A recent interview with Roisin from clashmusic.com:
There are troopers, and then there’s Roisin Murphy. Not only did she film the famous ‘Sing It Back’ video with a dance-threatening injury, but here she is, spurting out new material not three weeks after becoming a mum.
Salutes all round, then. Mind you, even dancefloor icons have their limits...
“It’s much too soon for me to be thinking about going out and playing again… maybe when Clodagh’s past the ‘nightclub’ stage. Right now she sleeps all day and likes to come alive for a bit of a dance through the night. She’s a lot like her mother that way.”
Still, even before Murphy Jr came into the world, she’d already inspired the recently-emerged track ‘Momma’s Place’, in which Roisin dishes out sound motherly advice while incongruous jagged disco implosions blart away, suggesting that being with child did wonderful things for her muse.
“I’ve been very prolific while pregnant,” she admits. “Hormonally I was very inspired, and, of course, doing [big single] ‘Overpowered’ has given me lots more confidence, I don’t get shy any more about working in any situation or with anyone at all, which is quite new for me.”
Indeed, the ex-Moloko lass can now hand-pick her production partners, the likes of cutting-edge dance types Crookers, although those collaborations are unlikely to see the light of day in traditional fashion. Even for someone who once swam, albeit slightly off-kilterdly, in proper pop circles, that’s not how this return is panning out at all. She’s releasing tracks one at a time, but good-naturedly refutes the idea that they’re singles.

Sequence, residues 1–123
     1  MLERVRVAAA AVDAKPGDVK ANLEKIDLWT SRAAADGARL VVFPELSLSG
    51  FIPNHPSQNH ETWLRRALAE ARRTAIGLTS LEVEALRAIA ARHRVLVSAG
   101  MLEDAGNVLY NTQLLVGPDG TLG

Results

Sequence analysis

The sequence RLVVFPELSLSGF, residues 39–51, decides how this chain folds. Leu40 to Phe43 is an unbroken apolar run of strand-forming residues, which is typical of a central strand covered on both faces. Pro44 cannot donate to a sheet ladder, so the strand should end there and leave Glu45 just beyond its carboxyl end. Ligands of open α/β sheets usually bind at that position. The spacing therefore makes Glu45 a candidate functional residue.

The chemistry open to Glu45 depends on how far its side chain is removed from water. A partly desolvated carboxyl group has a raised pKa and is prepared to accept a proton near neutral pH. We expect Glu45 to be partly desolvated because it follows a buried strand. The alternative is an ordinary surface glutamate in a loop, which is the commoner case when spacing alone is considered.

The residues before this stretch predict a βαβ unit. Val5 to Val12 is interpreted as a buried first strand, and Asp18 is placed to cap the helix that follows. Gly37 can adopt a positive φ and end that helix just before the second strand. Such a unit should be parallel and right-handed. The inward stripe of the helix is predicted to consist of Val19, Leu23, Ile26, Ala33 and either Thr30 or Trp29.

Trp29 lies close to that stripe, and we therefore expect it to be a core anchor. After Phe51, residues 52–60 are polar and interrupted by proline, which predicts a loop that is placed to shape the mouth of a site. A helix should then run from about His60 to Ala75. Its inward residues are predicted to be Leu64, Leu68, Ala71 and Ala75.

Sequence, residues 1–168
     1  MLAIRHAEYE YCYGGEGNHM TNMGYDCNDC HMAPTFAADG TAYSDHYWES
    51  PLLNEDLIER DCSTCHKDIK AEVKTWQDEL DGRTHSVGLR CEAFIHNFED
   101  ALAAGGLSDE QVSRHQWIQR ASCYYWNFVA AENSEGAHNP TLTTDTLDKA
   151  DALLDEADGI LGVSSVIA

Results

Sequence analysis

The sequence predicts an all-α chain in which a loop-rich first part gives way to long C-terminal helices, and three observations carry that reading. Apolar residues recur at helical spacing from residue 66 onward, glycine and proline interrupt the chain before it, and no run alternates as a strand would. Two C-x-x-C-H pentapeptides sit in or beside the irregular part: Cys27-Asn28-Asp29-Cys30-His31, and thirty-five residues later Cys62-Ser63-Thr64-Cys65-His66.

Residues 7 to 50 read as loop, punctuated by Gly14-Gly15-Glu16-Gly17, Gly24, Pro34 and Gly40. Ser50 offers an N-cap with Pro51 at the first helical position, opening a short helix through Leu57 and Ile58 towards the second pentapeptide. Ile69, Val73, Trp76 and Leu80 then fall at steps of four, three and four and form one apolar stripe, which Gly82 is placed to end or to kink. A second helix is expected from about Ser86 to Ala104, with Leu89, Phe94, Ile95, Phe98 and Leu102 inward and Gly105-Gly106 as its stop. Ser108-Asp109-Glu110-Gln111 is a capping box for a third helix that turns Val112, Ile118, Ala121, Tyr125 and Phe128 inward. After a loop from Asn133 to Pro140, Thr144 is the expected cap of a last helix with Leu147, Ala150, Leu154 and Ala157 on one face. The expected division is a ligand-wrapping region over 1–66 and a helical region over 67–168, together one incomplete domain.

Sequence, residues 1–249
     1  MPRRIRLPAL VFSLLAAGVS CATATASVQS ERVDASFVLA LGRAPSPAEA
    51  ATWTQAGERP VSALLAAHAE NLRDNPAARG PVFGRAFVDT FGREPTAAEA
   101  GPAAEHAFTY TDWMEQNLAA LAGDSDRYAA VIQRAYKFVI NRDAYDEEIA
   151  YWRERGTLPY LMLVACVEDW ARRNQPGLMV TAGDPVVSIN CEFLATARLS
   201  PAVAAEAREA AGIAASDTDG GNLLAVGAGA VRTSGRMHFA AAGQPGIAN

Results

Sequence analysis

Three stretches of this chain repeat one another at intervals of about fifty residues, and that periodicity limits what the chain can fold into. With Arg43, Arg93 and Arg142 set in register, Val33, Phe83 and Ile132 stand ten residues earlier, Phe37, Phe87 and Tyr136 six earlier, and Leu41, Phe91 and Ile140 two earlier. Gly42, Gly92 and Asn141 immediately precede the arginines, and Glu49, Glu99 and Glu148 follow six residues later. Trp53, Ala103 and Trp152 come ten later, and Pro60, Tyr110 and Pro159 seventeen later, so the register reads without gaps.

“I like the idea that you can just bring something out now and have it not be about the video, not be about being a pop star, just be about the music. You can let it live and find its own level with people, and I’m finding that really interesting at the moment,” she explains. “Mind you, I’m never interested in anything for too long, but this is much better than having endless discussions with a record label about which single to start with and what’s going to go with it, which is probably wrong anyway.”
“I don’t know what’s going to happen with all the new stuff, though,” she concedes. “I might well decide that it probably should be an album at some point.”
Still no master plan then, but at least she knows what’s coming next. “The next track’s going to be ‘Demon Lover’, which is a lot more funky house. And it’s got some MCing on it! It’s got Wiley on, Donaeo, Kano’s on there too. I asked them - well, I begged them - to do it, and they all really wanted to. They’re all fans of my stuff - well, maybe it’s their girlfriends that are fans of it, but they did it anyway.”
So that’s what 2010 holds: lots of people she likes, songs that’ll show up when and how they’re good and ready, and a sensibility that’s broadly dancefloor-based but otherwise impossible to classify. Is she conscious of constantly challenging her audience?
“I’m conscious of always challenging myself,” comes the reply. “Every record I’ve ever made has been a huge jump for me. I’m probably a bit of a challenge addict, to be honest, although if I was totally addicted I’d probably bring out an Irish folk album! You should see me doing that in the pub. There’s not a dry eye in the house.”
Words by Iain Moffat